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Large Planet discovered outside Pluto

Posted by: koxinga - Sat Jul 30, 2005 8:48 am
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Large Planet discovered outside Pluto 
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Space Walker
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Post Large Planet discovered outside Pluto   Posted on: Sat Jul 30, 2005 8:48 am
Yeah yeah, over the years there were a couple of candidates (ie Sedna) but this one appears to be well and truly bigger than Pluto.

I chose not to use the 10th Planet as the title. That is to be debated. 8)

Just search around the usual space webbies (space.com, spacedaily.com) and you will find the news.


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Post    Posted on: Sat Jul 30, 2005 11:26 am
Yeps really freaky:
BREAKING NEWS: Object Bigger than Pluto Discovered, Called 10th Planet

http://www.space.com/scienceastronomy/0 ... lanet.html

Yesterday they still claimed it was FALSE that it was bigger than pluto..
EDIT: humm it seems to be even AN OTHER space object/planet

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Post    Posted on: Sat Jul 30, 2005 2:06 pm
Some by-thoght regarding space flight/travel because it is 97 AU away and very slowly orbiting: Ii is in nearly the same direction relative to the galctical background and the CMB - different to fast moving planets like Mars and even Saturn. So a probe going there doesn't need to or mustn't adjust an orbit that much - it could go straight outwards for a very long time. It simply has to be fast...



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Post    Posted on: Sat Jul 30, 2005 3:57 pm
It would be interesting to see how planets are being defined. I would not be surprised in the next few years, astronomers will find more of such large Kuniper belt 'objects'.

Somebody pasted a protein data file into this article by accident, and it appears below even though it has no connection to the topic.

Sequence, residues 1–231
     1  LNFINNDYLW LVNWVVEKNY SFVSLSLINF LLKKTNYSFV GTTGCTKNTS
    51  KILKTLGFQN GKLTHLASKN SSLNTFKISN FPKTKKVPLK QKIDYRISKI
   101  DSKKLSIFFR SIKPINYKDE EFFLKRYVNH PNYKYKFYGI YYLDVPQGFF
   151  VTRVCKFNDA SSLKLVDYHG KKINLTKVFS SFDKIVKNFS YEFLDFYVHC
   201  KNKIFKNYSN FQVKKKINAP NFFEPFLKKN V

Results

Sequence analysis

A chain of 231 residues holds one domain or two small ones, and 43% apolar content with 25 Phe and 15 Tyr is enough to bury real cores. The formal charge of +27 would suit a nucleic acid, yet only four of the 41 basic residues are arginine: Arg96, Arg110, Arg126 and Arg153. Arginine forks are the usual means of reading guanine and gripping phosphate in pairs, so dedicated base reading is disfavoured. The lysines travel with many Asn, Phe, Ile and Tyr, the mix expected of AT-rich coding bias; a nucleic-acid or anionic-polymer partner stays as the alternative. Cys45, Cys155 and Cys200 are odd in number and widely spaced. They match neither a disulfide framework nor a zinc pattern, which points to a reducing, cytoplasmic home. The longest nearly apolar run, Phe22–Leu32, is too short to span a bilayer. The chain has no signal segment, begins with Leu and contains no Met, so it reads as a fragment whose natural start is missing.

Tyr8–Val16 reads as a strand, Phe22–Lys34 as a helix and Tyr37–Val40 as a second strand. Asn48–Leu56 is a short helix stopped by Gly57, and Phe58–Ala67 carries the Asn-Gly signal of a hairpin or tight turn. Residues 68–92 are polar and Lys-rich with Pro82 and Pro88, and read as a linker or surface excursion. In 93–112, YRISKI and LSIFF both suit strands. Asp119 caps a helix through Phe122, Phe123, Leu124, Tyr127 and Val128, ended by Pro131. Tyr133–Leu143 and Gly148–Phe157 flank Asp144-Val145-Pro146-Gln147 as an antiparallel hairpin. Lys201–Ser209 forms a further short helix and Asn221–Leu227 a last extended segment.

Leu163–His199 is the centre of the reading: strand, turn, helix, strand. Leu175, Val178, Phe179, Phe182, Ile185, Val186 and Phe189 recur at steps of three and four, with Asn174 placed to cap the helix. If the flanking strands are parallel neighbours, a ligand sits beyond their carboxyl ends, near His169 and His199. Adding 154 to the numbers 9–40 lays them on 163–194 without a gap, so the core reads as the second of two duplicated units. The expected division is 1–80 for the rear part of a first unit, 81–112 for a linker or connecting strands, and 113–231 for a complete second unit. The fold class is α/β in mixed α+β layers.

The common design of the solar system (ie the Sun followed by the 9 planets) as taught will have to be redefined because surrounding the system appears to be a very sizable and significant Kuniper/Oort cloud cluster.


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Post    Posted on: Sun Jul 31, 2005 11:08 am
The discussion about the definitions is puzzling me a little bit.

Of course I understand the points. But the trivial definition of the ancient Greeks is a very clear one: a planet is a "star" orbiting sun. Logically no sun can be a planet regardless of being a member of a multiple-star system where two or more suns are orbiting each other.

In the current discussion the criteria size and inclination seem to be its causes. To say that an orbiting object is no planet because it is small or too small has nothing to do with the difference between bodies sending out self-generated light and other bodies simply reflecting the light sent out by another body only and orbiting another body. If size is used a scriterion would there be doubts some day if stars significantly smaller than our sun should be called stars really? Could such a discussion be there?